4 Ways to Calculate Ovulation with Irregular Period

on Nov 24, 2017

by Alyssia Granger

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Many women do not have an average menstrual cycle of 28-32 days. Find out 4 different methods on how to track your ovulation if you have an irregular period.

The average menstrual cycle is 28-32 days. Some months that will vary due to either illness, stress, dietary changes, weight loss or weight gain as anything environmental can affect a woman’s cycle. Sometimes she can skip a month, it can happen. Claim Your 20 Free Pregnancy Tests – Click Here

However, some women do not have regular cycles or may have periods every few months instead of every month. There may be a condition that many women that have that can cause them to have irregular cycles called polycystic ovarian syndrome (PCOS).

          “However, if a woman has irregular cycles and she wants to conceive, then she will have to start looking for ways to ovulate 8-12 months before she wants to actively try to conceive.”

In other words, she will have do the work well in advance before she realistically is serious about getting pregnant.

Get to Know Your Cycles

The first thing a woman needs to do is get to know her cycles, and how long they roughly are. She needs to for the first few months while starting the calculating process to mark each date that she gets her period and note that as Day 1.

Then every woman needs to understand how the cycle works, whether it’s an irregular one or a typical cycle that runs from 28-32 days.

Typical 28 Day Cycle

Here is what happens in a typical 28 day cycle:

As noted previously, Day 1 is the the first day that you get your period, and the beginning of the new cycle.

By Day 7, the follicle starts to grow, therefore, the egg is maturing.

By Day 11, the egg is very close to being released.
Between Day 13-16 is when the egg is mature enough and is released by the ovary. Therefore, that is when ovulation happens.

The egg at that time travels through the fallopian tube and heads towards the uterus, waiting for fertilization from the sperm. The egg is only good for 12-24 hours for fertilization to happen.

If the egg is fertilized by the sperm during that short window, the fertilized egg, now called a blastocyst will attach to the uterine lining (which is the material that is shed during menstruation if pregnancy doesn’t happen), and it will grow. Therefore, a period will not be expected.

Later on if fertilization does not occur, the egg begins to disintegrate. Therefore, at Day 28, the progesterone and other hormonal levels drop, that causes the uterine lining to shed, and that causes menstruation. That is only the example of what is expected to happen within a typical 28-day cycle.

It’s very important to understand that the first part of the menstrual cycle which is the time before ovulation is different in every woman. And that part of the cycle can change from month to month. Therefore, the number of days before ovulation usually ranges from 13 to 20 days.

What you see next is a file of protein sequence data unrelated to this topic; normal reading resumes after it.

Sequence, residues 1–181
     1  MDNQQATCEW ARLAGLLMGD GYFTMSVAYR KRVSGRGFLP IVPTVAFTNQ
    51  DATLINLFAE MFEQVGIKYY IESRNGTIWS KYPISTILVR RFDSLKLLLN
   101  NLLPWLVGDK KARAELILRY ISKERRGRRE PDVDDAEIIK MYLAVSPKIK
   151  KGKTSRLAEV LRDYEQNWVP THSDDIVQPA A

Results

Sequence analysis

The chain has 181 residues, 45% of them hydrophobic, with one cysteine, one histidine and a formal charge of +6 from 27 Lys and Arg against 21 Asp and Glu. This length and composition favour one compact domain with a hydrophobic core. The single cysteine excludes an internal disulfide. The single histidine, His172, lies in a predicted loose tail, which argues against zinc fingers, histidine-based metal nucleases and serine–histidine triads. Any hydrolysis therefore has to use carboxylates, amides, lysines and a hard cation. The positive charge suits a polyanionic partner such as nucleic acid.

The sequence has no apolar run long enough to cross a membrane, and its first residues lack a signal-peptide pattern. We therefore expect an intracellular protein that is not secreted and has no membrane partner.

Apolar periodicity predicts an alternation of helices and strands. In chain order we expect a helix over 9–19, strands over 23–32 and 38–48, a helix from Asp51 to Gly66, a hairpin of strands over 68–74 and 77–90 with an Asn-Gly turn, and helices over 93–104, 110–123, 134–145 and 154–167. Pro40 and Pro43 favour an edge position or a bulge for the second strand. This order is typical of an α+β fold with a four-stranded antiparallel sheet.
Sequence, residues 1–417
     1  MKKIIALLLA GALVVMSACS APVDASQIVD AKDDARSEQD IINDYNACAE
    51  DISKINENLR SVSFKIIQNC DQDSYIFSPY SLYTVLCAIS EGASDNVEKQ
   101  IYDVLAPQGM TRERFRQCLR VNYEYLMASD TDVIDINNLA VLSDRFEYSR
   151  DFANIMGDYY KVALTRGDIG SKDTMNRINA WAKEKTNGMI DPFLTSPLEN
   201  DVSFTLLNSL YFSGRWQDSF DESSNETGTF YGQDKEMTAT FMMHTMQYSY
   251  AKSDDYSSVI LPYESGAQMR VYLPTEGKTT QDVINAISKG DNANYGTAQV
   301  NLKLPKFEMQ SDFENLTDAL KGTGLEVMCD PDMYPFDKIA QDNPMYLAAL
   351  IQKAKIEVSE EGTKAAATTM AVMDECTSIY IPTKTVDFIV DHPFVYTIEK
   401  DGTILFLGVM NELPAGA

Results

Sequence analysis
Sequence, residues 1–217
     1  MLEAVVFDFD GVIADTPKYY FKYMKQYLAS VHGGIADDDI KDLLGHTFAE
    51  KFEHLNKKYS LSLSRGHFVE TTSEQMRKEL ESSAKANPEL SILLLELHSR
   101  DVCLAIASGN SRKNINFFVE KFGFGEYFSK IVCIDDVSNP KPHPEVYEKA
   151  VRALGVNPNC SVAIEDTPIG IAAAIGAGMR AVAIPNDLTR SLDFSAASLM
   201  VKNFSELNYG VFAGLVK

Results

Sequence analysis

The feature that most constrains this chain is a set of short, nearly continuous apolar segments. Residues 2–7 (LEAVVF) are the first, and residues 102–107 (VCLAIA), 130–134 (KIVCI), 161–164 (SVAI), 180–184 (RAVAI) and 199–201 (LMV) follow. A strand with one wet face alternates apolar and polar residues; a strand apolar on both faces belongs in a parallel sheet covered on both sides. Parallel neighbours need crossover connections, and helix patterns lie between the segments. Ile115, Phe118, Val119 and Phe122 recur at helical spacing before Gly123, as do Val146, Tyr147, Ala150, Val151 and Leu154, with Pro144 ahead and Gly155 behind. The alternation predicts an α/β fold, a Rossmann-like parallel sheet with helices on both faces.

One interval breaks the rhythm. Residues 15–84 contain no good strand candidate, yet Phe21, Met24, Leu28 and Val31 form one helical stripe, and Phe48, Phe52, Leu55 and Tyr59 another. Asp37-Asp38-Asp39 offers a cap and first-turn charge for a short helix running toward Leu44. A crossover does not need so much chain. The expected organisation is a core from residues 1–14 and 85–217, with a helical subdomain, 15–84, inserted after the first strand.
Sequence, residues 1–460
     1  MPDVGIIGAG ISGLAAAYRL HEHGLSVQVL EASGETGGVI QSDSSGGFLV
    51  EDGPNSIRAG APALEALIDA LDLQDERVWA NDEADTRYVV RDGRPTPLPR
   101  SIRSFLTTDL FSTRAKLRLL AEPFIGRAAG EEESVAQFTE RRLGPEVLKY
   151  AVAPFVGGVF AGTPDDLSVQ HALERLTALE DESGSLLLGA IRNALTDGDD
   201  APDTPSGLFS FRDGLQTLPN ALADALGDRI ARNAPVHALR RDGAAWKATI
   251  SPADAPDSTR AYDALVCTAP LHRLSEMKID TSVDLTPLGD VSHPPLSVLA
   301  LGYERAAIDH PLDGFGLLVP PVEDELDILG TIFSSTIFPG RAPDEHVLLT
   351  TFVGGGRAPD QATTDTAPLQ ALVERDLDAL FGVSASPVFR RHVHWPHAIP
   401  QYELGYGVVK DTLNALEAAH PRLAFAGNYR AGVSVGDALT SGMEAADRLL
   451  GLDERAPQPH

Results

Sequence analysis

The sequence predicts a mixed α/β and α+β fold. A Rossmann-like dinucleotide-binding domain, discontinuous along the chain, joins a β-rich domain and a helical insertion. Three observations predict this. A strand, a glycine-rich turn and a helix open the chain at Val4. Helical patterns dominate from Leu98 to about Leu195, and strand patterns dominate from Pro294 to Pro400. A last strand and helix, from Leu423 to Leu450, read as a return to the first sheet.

The second half of the cycle is usually more similar for each woman and for each month because there are about 12-16 days from the day of ovulation until the beginning of the next cycle. That second part of the cycle is called the luteal phase when the luteinizing hormone and progesterone levels are up. Again when it drops, that causes the period.

Therefore, since it is now known what happens during a typical 28-day cycle and it is understood that the timing can vary among women, especially those who have irregular cycles, then the woman with irregular cycles needs to keep tracking her periods for several more months.

          “If enough cycles have been tracked at a certain point then this is how a woman will know when she is most fertile.”

The Calendar Method

If a woman has an irregular cycle, then she needs to look at the dates of her previous cycles, then to pick the longest and shortest cycles that she recorded. This method of charting cycles is called the calendar method.

The next step is that she needs to know what her first day of her fertility window falls. By doing this, she needs to find her shortest cycle, and subtract 18 days from the length of that cycle. If her shortest cycle was 26 days, then she needs to subtract 18 from 26 which leaves 8. Therefore the first day of her fertility window started on Day 8.

The next step is to find the longest cycle that she had logged, which may be 32 days. What she needs to do is find the last fertile day by subtracting 11 from the length of a cycle that was the longest logged. So therefore, she needs to subtract 11 from 32 which leaves 21. Therefore, the last day she is likely fertile on a long cycle is on Day 21.

Therefore, by doing this, this woman with irregular cycles have the knowledge that her fertility window starts anywhere between Day 8 and goes until Day 21. Because ovulation is expected to happen during this window and if she is lucky, pregnancy will likely occur if intercourse happens during that 12-24 hour window ovulation happens. Or she may conceive if intercourse happened before that since sperm can last approximately 5 days in the reproductive tract.

However, relying on this method alone may not necessarily be helpful. There could be some months that a period could come on due to hormonal changes while ovulation still did not happen. This can happen when it comes to many women who have irregular cycles.

Using the calendar method is helpful, but even more so if ovulation charting is done through other methods in conjunction with this way.

Basal Body Temperatures

When it comes to tracking ovulation in cycles that are not regular, you will know for certain that you are ovulating during a certain month if you take your body basal temperature each morning. The kind of thermometer that is used to take this temperature is not the kind that you use to check for a fever. The kind of temperature is different from that, and it cannot be detected by any other kind of thermometer.